It isn’t hard to find live theater in Washington, DC. The nation’s capital is a theater town, after all – and if that’s news to you, then I might suggest a quick visit to the Internet to see what you uncover (start with DC Theater Scene, of course). What’s harder is finding great theater, and it’s harder still to find it at the right price. So it’s with some excitement that I happened upon local theater company Taffety Punk.
They impressed me first with their “bootleg Shakespeare” series in which an entire play is staged in a single day – a “hey, watch this!” approach to the Bard’s works that’s easy to admire.
The Punks’ swagger continues on with Charm, their latest contribution appearing at the Capitol Hill Arts Workshop. The play takes us through a series of snapshots in the life of 1840’s journalist and feminist writer Margaret Fuller (Lise Bruneau).
Herself plucky and ambitious, Margaret charges headfirst into an imaginative but unforgiving world of pompous intellectuals. As a woman, Margaret is offered no place with her male colleagues – among them Ralph Waldo Emerson (Ian Armstrong), Henry David Thoreau (James Flanagan) and Nathaniel Hawthorne (Dan Crane). That is, of course, until she manages to impress and upstage them at every turn.
In the world that playwright Kathleen Cahill creates for us, Margaret is in fact the only one who isn’t teetering on the edge of insanity. Ralph Waldo Emerson is hopelessly repressed, Nathaniel Hawthorne is entirely debilitated by shyness, and Henry David Thoreau is a budding recluse, taking to the forest to escape his homosexuality.
Phew! What a crew. And yet, despite their faults, Margaret is committed to joining the ranks of the much-hallowed intellectuals.
So in she comes, wielding her words like a wrecking ball as she confronts conventions about gender and femininity. At first the cloistered intellectuals are taken aback, but one by one their trepidation is replaced by – what else? – strong curiosity and romantic affections for Margaret (or, in Thoreau’s case, a strong fraternal love).
It’s problematic, and a little cringeworthy on its face. Margaret isn’t fit to run with the boys in their eyes until they decide they’ve fallen in love with her. How crass.
But Margaret doesn’t win them with her looks. Indeed, by her own admission she’s anything but the traditional standard of beauty. Instead, she wins them over with wit and courage (imagine that). Margaret isn’t immune to such whims herself, either, as she’s equally thrilled and titillated by the trio of male attention.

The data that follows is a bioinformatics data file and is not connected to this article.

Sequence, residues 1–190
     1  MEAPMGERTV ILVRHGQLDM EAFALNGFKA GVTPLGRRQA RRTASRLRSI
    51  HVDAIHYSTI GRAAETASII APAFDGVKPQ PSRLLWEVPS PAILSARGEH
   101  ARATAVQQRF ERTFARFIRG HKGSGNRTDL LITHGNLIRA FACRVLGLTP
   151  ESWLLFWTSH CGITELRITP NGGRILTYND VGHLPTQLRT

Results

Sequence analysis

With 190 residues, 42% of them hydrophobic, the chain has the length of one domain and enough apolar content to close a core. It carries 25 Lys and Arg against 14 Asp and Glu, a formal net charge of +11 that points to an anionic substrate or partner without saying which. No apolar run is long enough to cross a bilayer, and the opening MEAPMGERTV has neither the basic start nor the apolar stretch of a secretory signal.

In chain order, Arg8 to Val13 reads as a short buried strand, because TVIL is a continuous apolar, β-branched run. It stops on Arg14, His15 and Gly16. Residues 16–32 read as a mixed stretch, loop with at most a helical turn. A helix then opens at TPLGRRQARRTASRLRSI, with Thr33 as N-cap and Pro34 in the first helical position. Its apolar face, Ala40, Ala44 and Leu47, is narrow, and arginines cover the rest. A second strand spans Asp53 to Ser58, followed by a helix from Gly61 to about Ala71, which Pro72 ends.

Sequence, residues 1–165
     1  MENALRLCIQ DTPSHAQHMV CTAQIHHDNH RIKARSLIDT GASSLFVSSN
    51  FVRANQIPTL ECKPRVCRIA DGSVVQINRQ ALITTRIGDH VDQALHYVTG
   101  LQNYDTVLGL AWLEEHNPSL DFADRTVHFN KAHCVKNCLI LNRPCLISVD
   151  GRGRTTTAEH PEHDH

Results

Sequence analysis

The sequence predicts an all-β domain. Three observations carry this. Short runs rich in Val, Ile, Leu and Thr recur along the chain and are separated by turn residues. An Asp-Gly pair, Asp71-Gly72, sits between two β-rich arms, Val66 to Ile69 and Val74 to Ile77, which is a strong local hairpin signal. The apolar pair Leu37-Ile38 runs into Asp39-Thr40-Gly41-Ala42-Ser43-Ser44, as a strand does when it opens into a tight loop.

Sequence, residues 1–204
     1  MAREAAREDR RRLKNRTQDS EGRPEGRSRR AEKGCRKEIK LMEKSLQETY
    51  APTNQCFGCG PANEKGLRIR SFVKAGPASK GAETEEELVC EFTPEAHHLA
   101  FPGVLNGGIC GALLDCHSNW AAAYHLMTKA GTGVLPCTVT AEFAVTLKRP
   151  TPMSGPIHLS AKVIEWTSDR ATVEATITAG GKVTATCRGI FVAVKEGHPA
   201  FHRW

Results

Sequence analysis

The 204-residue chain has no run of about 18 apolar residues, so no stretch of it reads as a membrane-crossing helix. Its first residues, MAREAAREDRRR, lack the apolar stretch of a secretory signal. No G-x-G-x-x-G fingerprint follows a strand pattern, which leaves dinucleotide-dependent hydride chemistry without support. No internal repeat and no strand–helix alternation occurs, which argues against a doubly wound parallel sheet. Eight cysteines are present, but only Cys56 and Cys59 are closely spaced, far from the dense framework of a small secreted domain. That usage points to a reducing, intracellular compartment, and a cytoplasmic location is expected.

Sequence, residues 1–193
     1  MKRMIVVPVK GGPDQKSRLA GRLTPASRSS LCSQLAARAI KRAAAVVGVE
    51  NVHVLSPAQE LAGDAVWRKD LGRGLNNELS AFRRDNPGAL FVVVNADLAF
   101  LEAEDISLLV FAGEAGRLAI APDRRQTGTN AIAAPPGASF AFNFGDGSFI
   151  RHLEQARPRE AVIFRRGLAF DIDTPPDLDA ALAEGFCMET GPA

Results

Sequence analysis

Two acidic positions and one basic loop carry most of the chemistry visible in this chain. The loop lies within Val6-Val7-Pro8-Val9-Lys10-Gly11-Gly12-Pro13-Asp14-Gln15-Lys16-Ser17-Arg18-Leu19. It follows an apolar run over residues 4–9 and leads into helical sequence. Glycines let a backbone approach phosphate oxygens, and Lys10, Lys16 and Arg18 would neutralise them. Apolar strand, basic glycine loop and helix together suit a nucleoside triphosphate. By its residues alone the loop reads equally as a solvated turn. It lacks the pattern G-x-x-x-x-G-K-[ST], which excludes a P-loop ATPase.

Margaret is hungry for passion and affection. Moreover she’s downright horny, and to the audience’s delight she’s tormented by three suitors who are unwilling or unable to seal the deal. What fun!
In the end, only Orestes Brownson (Esther Williamson) is immune to Margaret’s graces, while Margaret herself is forced to travel across the world to find fulfillment in her work and the romantic satisfaction she craves.
Closes May 31, 2014
Capitol Hill Arts Workshop
545 7th Street, SE
1 hour, 30 minutes
Details and Tickets
The trio of intellectuals is brilliant, each using great comedic timing to develop their characters. It would be wrong to pick a standout among them, but Dan Crane’s elusive Hawthorne provides a running gag that wins laughs from beginning to end. Tonya Beckman’s performance as Emerson’s wife, Lydian, also offers a nice accent to the work and a reminder that maybe it’s not just the men in this world who don’t quite have it all together.
But the entire spirit of the play is offered up with a wink. The players poke and prod at the fourth wall throughout, bringing the audience in on their jokes, their silliness and even the occasional prop failure (always handled with grace and a laugh). And if you aren’t convinced the players are having fun, you need only look down and see that the Punks have littered the stage with leaves, snow, feathers, manuscripts and an otherwise tremendous mess. Someone might tell them to clean their room, except we’re all too busy having a good time.
Naturally, Taffety Punk isn’t satisfied with just one play (that would be too easy), so Charm is being staged in a “Rulebreaker Rep” with Bloody Poetry. So, if you liked Charm as much as I did, you’ll have a chance to catch the players in their second work before long.
Add on top of it all the Punks’ commitment to affordable theater and Charm is a complete and total win.
As Margaret Fuller tells Emerson in the midst of the play, “you need more jokes in your life…we all need more jokes.”
Indeed we do, and Taffety Punk’s got ‘em. Plus a whole lot more.
Charm by Kathleen Cahill . Directed by Kelsey Mesa . Produced by Taffety Punk . Reviewed by Jon Boughtin.